BEIJING (Reuters) -- U.S. President Barack Obama was set to continue his effort to court China while cajoling it on economic strains, with the final day of his visit featuring talks with Chinese Premier Wen Jiabao.
Obama's first visit to China has been a mix of goodwill displays toward its sometimes wary people and leaders, and closed-door discussions focused on the two big powers' vast and increasingly complex relationship.
November 18 will be no different. Obama will visit the Great Wall -- for many Chinese people a proud symbol of their imperial heritage -- and he may also press, Wen, the head of the Chinese government, on touchy economic and diplomatic issues.
The U.S. president made plain in a summit with President Hu Jintao on November 17 that one of his topmost concerns is China's currency policy. Many in Washington and other capitals believe Beijing keeps the yuan currency too low in value, disadvantaging competitors and distorting global economic flows.
Hu, who is also the head of China's Communist Party, did not mention the yuan or the dollar in his comments before reporters.
But Premier Wen, who is more deeply involved in day-to-day economic affairs, may be more willing to grapple with Obama on currency and China's own gripes with U.S. trade rules.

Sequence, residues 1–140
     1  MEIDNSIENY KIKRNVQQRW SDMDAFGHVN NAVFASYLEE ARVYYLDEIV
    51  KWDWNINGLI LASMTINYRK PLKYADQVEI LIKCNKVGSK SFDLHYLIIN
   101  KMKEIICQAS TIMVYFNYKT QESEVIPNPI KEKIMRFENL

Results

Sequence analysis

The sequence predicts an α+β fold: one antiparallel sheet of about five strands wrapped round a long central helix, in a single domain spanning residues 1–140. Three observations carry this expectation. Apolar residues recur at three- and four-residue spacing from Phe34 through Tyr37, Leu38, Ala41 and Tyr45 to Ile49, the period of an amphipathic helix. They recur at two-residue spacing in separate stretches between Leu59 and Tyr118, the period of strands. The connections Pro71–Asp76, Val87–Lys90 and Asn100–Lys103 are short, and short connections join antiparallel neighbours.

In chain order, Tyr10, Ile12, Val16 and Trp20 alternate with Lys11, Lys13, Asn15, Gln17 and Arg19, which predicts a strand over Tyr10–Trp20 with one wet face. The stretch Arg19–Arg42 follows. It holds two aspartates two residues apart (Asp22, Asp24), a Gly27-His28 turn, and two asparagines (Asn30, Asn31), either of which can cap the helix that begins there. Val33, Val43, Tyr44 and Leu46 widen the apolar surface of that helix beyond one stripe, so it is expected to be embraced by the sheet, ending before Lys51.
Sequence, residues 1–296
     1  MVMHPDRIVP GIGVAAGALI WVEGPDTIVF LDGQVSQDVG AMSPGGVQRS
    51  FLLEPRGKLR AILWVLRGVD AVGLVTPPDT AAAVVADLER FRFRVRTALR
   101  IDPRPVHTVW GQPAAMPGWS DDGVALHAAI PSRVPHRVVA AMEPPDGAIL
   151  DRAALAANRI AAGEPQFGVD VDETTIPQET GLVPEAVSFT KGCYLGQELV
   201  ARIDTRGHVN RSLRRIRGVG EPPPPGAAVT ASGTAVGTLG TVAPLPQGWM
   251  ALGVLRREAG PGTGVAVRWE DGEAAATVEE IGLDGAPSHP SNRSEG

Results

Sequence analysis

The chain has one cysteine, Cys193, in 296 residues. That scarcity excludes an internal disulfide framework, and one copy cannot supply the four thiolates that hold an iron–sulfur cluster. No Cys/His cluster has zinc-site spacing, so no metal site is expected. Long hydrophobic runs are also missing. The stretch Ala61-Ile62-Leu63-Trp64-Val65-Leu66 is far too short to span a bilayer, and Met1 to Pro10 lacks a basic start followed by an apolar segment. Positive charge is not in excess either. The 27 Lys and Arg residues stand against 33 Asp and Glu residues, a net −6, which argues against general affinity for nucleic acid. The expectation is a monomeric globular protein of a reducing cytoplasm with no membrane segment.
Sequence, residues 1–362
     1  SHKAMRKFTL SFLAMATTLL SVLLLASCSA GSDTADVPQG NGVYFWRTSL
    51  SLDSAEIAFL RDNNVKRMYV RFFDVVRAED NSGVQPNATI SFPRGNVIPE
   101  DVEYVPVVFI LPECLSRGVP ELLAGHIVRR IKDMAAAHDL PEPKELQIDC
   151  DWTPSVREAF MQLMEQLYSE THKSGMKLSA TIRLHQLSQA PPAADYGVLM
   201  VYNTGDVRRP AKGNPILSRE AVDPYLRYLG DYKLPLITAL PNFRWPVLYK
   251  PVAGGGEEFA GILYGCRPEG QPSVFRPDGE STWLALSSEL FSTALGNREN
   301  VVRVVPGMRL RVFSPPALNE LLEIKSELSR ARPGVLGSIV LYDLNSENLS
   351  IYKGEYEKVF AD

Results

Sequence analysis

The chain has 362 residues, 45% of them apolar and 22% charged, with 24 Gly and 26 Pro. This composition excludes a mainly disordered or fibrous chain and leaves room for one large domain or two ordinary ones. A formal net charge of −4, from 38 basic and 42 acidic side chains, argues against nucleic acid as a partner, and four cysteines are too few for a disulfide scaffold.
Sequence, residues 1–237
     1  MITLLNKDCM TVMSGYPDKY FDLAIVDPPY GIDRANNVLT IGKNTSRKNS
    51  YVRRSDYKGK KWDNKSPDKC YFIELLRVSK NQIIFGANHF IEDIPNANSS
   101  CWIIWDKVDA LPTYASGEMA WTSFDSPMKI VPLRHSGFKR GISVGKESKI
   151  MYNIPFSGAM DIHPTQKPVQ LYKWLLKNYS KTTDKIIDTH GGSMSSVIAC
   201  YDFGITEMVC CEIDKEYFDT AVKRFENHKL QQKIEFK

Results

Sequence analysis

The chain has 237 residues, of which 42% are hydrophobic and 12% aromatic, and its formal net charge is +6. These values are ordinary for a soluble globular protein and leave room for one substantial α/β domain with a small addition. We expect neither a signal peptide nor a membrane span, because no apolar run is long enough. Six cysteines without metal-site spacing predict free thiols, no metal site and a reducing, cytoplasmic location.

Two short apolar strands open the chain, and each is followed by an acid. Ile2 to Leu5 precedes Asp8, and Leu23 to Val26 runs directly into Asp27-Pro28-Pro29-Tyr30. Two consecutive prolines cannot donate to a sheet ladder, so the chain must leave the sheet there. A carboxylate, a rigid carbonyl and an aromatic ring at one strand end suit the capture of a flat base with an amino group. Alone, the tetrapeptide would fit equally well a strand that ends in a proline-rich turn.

Officials and experts from both sides have stressed, however, that Obama's visit will not bring about immediate policy shifts.
Such summits are about setting priorities, said Jin Canrong, an expert on China-U.S. ties at Renmin University in Beijing.
"Any policy changes by China, including on the exchange rate, will be based on its assessment of its own interests, not on external pressure," said Jin.
Obama's talks with Wen may also cover Iran and North Korea, both nuclear trouble-spots where Washington and Beijing say they want to work together, but often disagree on how much pressure to apply. Wen visited North Korea early last month.
The issue of currencies has drawn testy comments in recent days from U.S. and Chinese officials. China's Commerce Ministry on November 16 rebuffed calls for the yuan to appreciate, signaling resistance to change foreign exchange policy.
Outside pressure has been building on Beijing to let the yuan rise after more than a year of it being nearly frozen in place against the dollar, with the latest appeal voiced by the head of the International Monetary Fund on November 17.
But Premier Wen may have his own warning for Obama.
In March, he took Washington to task over its fiscal and financial policies, saying he worried over the health of China's vast U.S. assets.
China has amassed $2.27 trillion of foreign exchange reserves, the world's largest stockpile, and analysts think about two-thirds of this is invested in dollar-denominated assets.